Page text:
Castroneves In Charge At Motegi

MOTEGI, Japan – On Saturday afternoon at the Twin Ring Motegi circuit, Helio Castroneves was able to prove that it doesn’t matter if it’s rain or shine, road course or oval, nor America or Japan – he has been the best IRL IndyCar driver in 2006.

After "driving like he stole it" to win the Grand Prix of St. Petersburg on April 2, the Marlboro Team Penske driver proved just how dominant he has been by winning the Indy Japan 300 from the pole position with well over a six second margin – the widest margin for a winner of this event.

"My car was unbelievable, especially at the end of the run. The car was getting better and better," said Castroneves, who ran his fastest lap of the race on lap 190 with a speed of 199.910 mph.

For the Brazilian born Castroneves, it is his ninth career victory in the IRL IndyCar Series and 15th in an Indy-style car. The victory also extends his series points lead to 42 points. While it may be early in the season to start counting points, leading the championship proved to be vital for Castroneves as it rewarded him with the pole after rain washed-out qualifying yesterday afternoon.

"We were fast from the very start this week, which is good because there wasn't a lot of practice time. But today was perfect, and the car was perfect, too," said the race winner. "I said yesterday that I wanted to finish where we started, and I don't think it was ever in question. We were fast all day."

Two-time defending race winner Dan Wheldon finished second, ending his bid to become the first driver in IRL history to win three consecutive events at the same venue.

Tony Kanaan finished third with Sam Hornish Jr. and Buddy Rice rounding out the top five. Bryan Herta, Japan’s Kosuke Matsuura and Danica Patrick were the only other drivers to finish the race on the lead lap.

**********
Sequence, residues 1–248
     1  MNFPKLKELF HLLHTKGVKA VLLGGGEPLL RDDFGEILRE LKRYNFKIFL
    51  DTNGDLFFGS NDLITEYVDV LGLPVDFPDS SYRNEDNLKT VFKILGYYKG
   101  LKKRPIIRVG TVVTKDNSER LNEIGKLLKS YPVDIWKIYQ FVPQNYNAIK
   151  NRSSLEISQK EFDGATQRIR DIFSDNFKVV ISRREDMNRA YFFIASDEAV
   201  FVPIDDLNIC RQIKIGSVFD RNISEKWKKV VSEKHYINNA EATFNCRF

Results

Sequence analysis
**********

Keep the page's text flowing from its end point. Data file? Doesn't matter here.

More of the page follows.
While Castroneves’ victory wasn’t in serious jeopardy throughout the day, having led 184 laps, two of his closest competitors suffered from self-inflicted problems in the pits late in the day that kept them from mounting an attempt for the victory.

Scott Dixon led twice for five laps on the day before stalling his car during his final pit stop on lap 148. The problem kept him in the pits for over 30 seconds, dropping him from race contending second place to a ninth place finish – one lap down.

"I’m pretty disappointed because we had such a good run going, and the Target car was just fantastic," said Dixon. "On that last stop, I lost the clutch, stalled it and fell back too many spots too late in the race to make a decent comeback. It really is a shame."

The other top challenger on the day, Dario Franchitti, also had problems in the pits when two of his crew members were injured after the Scotsman pulled in for service. The team had trouble refueling the car as a result and also was on pit road for a lengthy period of time during their last stop on lap 145.

The Andretti Green Racing driver finished the day in 11th place overall.

Scott Sharp, the winner of the inaugural Indy Japan event, also had a day to forget as it was cut short after suffering damage due to an incident on Lap 40.

As Sharp was headed to the green flag for the restart following the first caution period, he spun coming off Turn 4. In an effort to miss the Delphi Fernandez vehicle, rookie P.J. Chesson checked-up and got hit from behind by Jeff Simmons, who was making his debut in the No. 17 Team Ethanol Honda Panoz Firestone car for Rahal Letterman Racing.

"Obviously, I am heartbroken to throw all this away," said Sharp. "I am not sure exactly what happened. I spent a lot of time warming the tires up as everyone else did with the 10 or 12 laps we were running under caution. I did a bunch of burn-outs and got everything warmed up.

"As everyone accelerated, I accelerated with them and all of a sudden the car just started to come around. I wasn’t that high on the revs or anything for that to happen. It’s very strange."

All three cars were forced to retire because of the accident.

Unlike previous crash-marred events in Japan, the Sharp incident involved the most cars and was only one of three yellow flag periods.

With the conclusion of today’s race, the focus shifts to Indianapolis as teams ready for the month of May, concluding with the 90th running of the Indianapolis 500 on Sunday, May 28th at 1 p.m. (ET).

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